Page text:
Since South Gloucestershire became a new unitary council in 1995, it has been one of the worst funded authorities in the country. Since it was created, local children have received less money per head for education and local elderly people have received less money per head for social services than virtually anywhere else in the country. That is a matter of public record. Since then, I and many others have joined forces to campaign for a change in the way in which local authorities are funded. Change finally came this year and was welcome in some respects. Recognition of the high cost of employing people in low unemployment areas such as ours was a welcome change that benefited South Gloucestershire.Some of the other changes were less advantageous, but local people thought that, at long last, we would move from being the worst funded authority to not one of the best funded, but perhaps bottom but one or two—a small step in the right direction. We thought that at long last there would be a bit of an improvement. Then came the killer blow. Although it was agreed under the new system that we needed substantially more money, the Government capped that increase and spent some of the money that they thought we needed on ensuring that other authorities did not receive very small rises. The irony is that if we had not had such a bad deal under the old system, we would not have had such a big rise, so we would not have been capped. We have been capped by £4.7 million only because we had such an appalling deal for the entire life of South Gloucestershire unitary council. It is a special South Gloucestershire tax. Of that money, more than £2 million would have gone to our schools. The purpose of my debate is to bring the matter to the Minister's attention. With respect to the Minister who is here, it is regrettable that a schools Minister is not present to hear what I have to say. I have contacted the heads of primary schools in my constituency and asked them to tell me how the budget settlement has affected them. I shall say a few words about the fact and figures, but most of what I say will be the words of local head teachers, governors and parents who want to tell a schools Minister or the Secretary of State what it means for them on the ground. They may never come to a lobby at Westminster or sit in the office of a Secretary of State, but they want the Government to know how it is. I hope that the Minister will take back what he hears today to those with responsibility for these matters. Our schools could have had £2 million, but it was taken away from us because of the operation of the ceiling. As a result, our schools have suffered this year. When the fiasco blew up earlier this year, the Department for Education and Skills was wont to blame councils and said that they were holding on to the money. Let us look at the role of South Gloucestershire unitary council. It has played the game by the rules. Let us look at the council tax. The Government built in to the funding settlement an assumption that local authority council tax revenue would rise by 6.1 per cent. So what did the council do? It increased council tax by 6.1 per cent. It could have been more. It could have increased it by 9 or 12 per cent., or four times the rate of inflation, and made pensioners just above benefit levels pay for trying to maintain schools—to some extent that is a local decision. I hope that the Minister will not say that the only way to have decent schools in South Gloucestershire is to force pensioners to pay council tax rises of four times the rate of inflation. If that were Government policy, I would be concerned. South Gloucestershire bit the bullet and went for 6.1 per cent.—the Government guideline figure and double the rate of inflation. What about the money for education? The Department for Education and Skills has published a list of what councils did with their money. Allowing for the cap that was applied to South Gloucestershire, which we have to do because that is a measure of the money that it actually got, South Gloucestershire passported—to use the jargon—102 per cent. That is the Department's figure. The authority passed on more than all of the increased education funding—so it is rot that the sticky hands of South Gloucestershire prevented the money from getting through to schools. Allowing for the cap, South Gloucestershire is still spending more than the education funding formula spending share that has been allocated to it. In other words, the council is spending more on education than the Government say it needs to do—so it is not that the council is short-changing schools. If I had been given the Minister's brief to read out, I am sure that I would have found that it said, "This is a good settlement. This is a lot of money. This is a record amount. South Gloucestershire got a big amount of cash, so why is it complaining?" However, the 9.9 per cent. rise in the total FSS soon disappears when one considers what it has to go on. Pupil numbers across South Gloucestershire as a whole are rising, so some of the money is needed just to stand still. As with everywhere else, teachers' pay, pensions and national insurance costs eat up another huge slice. Part of the increase in formula spending that the Minister will no doubt want to highlight is to offset cuts in the standards fund—another part of the money that goes to local authorities. The cruel irony for South Gloucestershire is that, whereas standards fund money is allocated on one basis—for example to reduce infant class sizes, an area in which South Gloucestershire was quite near the top of the league—money is allocated on a different basis through the formula, in relation to which the authority is still bottom but one, or bottom but two, so even if the same total amount is spent, South Gloucestershire gets less. A switch from the standards fund to formula application just takes hundreds of thousands of pounds away from South Gloucestershire. That has been a big factor in the pain that South Gloucestershire has faced. There are many other one-off factors. The Minister may mention that direct payments to schools have gone up, but that money is a tiny fraction of the total amount that schools get. The overall pattern is that the rise in money was not enough to stand still. What has been the impact on schools? Overall, redundancy or premature retirement procedures have accounted for 6.1 members of staff in primary schools and four in secondary schools. That is the overall picture in the authority as a whole. Some schools have taken on teachers because they are growing. There have been many other effects as well. I want to concentrate on the human side. The Minister and I could trade figures all afternoon. I have had a letter from a chairman of governors who said that he has read the correspondence between the Department and the local authority and is no wiser as to what on earth has gone on. I hope that, if the Minister says what a good settlement we have had, he will also explain why what I am about to describe has happened in our local schools. I will not name any of the schools, because in general that was the basis on which I was given answers by the heads—although some were willing to be named. The first school to which I wish to draw the Minister's attention is one that I visited last year, when it lost one general non-teaching post and had no training for any staff and governors, and when there was an overall reduction in spending on heating and books. To make ends meet, the school turned the heating down. When I visited, there were boxes of crisps in the doorway and the hallway. When I asked why they were there, I was told that a local store let the school have the boxes of crisps when they were near to the sell-by date because it could not sell them any more. The school sold them to raise a few pennies. When schools get to the stage of having to sell nearly stale crisps to try to avoid having to sack teachers, something is wrong. That was last year, before the settlement. When an authority has been underfunded year after year, a tight year cannot simply be absorbed. The effect is compounded. Much of the feedback that I got from teachers and head teachers was to the effect that they had just about cobbled something together for this year, but dreaded next year. I hope that the Minister's notes will give us some feel for whether the ceiling will be lifted for next year, because that is critical. I asked the school what happened in this year's settlement and was told:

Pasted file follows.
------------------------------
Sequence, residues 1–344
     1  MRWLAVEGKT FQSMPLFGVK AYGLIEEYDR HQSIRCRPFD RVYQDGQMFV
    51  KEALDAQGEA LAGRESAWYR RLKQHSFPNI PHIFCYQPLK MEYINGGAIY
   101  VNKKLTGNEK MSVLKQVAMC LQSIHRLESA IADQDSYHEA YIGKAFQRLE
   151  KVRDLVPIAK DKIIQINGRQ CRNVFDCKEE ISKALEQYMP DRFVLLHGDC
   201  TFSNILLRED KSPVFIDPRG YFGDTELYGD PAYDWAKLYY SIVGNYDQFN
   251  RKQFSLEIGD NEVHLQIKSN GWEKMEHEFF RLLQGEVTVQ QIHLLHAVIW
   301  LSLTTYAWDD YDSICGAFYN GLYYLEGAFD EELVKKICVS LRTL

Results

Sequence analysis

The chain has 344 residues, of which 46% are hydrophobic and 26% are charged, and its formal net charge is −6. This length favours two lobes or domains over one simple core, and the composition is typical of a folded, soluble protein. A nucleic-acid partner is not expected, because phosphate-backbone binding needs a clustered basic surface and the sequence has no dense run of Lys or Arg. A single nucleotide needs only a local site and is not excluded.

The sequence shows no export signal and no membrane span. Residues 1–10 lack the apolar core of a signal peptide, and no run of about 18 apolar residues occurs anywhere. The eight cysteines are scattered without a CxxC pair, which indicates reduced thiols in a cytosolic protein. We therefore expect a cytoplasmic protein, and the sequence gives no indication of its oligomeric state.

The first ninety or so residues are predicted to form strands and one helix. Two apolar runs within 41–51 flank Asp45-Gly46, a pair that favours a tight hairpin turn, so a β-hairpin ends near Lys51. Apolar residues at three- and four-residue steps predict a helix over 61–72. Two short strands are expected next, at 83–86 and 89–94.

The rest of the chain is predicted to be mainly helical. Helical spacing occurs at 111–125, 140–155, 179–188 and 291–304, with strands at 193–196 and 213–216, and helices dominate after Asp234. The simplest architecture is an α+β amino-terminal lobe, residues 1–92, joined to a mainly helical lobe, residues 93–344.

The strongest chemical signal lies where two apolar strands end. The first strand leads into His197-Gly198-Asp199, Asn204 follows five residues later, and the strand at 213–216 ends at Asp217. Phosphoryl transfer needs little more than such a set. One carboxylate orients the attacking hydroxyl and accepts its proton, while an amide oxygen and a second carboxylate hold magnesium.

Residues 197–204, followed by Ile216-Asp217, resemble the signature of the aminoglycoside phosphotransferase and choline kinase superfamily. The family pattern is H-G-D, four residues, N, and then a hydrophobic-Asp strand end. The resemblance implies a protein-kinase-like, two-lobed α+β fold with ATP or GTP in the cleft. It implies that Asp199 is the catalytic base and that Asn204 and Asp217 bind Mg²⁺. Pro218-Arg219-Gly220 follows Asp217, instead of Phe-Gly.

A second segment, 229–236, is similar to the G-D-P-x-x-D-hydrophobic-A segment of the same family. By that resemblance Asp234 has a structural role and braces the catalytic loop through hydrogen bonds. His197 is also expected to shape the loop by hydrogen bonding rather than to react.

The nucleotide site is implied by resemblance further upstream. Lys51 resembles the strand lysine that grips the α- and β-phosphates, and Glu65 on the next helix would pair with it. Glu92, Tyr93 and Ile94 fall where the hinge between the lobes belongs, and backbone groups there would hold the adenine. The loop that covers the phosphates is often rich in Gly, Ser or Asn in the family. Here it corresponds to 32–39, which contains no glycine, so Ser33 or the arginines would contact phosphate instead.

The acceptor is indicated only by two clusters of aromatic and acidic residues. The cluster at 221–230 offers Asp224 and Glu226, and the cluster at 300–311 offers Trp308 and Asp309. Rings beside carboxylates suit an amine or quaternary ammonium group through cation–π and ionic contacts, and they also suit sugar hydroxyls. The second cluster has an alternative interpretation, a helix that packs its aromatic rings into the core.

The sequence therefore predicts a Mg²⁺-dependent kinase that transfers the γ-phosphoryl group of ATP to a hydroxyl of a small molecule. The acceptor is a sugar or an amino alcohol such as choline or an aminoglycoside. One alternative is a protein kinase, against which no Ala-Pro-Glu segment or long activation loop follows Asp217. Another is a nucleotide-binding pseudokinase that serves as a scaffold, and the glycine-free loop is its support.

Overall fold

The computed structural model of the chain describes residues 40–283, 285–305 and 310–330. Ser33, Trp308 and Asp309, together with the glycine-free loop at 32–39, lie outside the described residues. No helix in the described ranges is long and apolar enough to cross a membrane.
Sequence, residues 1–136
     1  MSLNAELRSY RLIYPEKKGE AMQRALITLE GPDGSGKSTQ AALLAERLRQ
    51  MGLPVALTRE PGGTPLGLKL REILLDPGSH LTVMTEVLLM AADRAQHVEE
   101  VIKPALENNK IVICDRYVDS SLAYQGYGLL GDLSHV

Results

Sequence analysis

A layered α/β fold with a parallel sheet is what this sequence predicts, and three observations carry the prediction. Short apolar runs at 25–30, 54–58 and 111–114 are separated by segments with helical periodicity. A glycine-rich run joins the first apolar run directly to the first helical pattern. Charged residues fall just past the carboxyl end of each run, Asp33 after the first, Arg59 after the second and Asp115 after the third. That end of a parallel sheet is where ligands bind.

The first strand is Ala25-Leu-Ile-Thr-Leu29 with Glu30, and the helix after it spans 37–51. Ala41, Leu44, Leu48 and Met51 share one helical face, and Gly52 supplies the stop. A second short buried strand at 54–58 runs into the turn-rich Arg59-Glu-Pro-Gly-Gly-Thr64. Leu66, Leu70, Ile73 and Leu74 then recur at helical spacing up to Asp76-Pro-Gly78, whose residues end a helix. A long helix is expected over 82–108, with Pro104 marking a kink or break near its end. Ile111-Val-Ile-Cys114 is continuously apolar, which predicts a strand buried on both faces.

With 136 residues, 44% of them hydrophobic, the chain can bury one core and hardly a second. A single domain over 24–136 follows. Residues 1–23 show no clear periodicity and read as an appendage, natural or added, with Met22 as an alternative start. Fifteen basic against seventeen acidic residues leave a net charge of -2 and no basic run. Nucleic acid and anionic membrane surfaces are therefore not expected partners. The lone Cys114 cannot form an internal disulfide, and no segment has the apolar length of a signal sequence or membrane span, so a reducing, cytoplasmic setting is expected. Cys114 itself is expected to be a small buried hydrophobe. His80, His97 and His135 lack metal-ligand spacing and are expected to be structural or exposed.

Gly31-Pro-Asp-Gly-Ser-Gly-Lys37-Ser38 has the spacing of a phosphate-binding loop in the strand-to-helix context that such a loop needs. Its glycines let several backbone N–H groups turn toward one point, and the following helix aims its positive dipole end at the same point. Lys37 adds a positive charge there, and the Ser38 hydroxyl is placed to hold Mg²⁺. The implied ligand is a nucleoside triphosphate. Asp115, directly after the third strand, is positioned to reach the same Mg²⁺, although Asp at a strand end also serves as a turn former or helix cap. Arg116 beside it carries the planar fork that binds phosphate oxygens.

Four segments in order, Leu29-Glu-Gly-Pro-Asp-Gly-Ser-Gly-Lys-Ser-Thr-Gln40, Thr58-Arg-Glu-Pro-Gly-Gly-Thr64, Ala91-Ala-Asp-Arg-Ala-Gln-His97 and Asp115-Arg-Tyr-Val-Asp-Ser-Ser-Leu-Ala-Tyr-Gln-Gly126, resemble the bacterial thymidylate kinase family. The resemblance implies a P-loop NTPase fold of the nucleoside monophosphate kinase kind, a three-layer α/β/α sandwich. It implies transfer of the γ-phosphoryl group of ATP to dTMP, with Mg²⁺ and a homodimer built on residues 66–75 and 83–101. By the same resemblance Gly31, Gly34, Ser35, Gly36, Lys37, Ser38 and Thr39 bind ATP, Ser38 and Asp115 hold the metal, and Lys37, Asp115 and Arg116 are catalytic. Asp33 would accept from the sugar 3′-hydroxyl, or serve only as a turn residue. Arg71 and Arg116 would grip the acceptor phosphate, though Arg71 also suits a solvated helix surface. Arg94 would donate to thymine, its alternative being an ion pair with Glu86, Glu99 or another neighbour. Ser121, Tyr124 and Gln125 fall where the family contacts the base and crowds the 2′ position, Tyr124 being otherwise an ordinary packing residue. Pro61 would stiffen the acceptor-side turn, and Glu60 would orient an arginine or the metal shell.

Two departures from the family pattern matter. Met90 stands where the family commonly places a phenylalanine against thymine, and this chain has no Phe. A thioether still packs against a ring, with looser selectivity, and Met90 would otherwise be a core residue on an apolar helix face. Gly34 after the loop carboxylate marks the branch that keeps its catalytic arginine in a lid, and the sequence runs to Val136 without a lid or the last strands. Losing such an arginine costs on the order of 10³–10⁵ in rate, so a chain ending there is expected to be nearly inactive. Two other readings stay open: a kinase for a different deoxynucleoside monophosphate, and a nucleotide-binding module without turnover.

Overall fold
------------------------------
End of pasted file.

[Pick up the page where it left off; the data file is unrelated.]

When the Secretary of State announced that schools could prop up their revenue budget by raiding their capital budget, the head of that school was furious, as it needed to repair the roof. It was fine that she could use the money intended for the roof to try to keep teaching assistants, but what could she do about the roof? The situation is just not good enough. The chairman of governors from a second school wrote:"long and hard-saved-for money for projects such as the roof has had to go by the board".